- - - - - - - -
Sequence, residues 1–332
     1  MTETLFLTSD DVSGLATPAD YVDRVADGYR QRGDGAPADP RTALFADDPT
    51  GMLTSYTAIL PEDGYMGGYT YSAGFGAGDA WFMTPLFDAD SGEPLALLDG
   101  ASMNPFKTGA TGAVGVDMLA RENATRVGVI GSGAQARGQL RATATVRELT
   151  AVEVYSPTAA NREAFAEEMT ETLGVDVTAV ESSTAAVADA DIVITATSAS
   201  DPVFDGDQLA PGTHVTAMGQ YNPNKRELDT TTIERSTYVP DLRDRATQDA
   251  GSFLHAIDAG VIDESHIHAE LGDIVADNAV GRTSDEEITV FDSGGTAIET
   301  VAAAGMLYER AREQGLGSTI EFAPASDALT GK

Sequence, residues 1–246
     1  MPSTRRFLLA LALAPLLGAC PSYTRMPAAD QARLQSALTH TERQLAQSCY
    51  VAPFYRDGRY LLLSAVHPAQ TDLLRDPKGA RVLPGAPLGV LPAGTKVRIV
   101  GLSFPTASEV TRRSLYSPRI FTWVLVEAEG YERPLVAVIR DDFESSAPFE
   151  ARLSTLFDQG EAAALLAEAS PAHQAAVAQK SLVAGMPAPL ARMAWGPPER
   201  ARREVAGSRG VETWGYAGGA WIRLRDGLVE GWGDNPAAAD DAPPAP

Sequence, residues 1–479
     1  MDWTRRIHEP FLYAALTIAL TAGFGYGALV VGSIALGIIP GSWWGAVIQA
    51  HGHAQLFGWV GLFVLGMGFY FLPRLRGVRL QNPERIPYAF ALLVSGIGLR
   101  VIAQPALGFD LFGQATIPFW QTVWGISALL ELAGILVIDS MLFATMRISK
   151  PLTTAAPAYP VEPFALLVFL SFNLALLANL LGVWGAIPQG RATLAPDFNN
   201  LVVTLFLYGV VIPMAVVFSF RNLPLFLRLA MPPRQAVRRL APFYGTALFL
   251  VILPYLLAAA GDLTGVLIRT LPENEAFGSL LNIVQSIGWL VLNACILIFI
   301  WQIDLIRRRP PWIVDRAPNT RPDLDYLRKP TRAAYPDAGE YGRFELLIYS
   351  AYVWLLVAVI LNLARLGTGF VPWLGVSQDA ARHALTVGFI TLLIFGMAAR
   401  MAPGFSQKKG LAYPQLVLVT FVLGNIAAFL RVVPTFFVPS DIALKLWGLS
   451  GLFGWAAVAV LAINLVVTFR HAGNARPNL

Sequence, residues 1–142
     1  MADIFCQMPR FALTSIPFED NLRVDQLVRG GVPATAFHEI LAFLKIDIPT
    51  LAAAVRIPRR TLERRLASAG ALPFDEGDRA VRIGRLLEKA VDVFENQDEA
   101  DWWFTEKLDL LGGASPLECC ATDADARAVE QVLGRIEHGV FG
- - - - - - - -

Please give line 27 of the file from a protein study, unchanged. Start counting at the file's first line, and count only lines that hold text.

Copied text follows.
     1  MADIFCQMPR FALTSIPFED NLRVDQLVRG GVPATAFHEI LAFLKIDIPT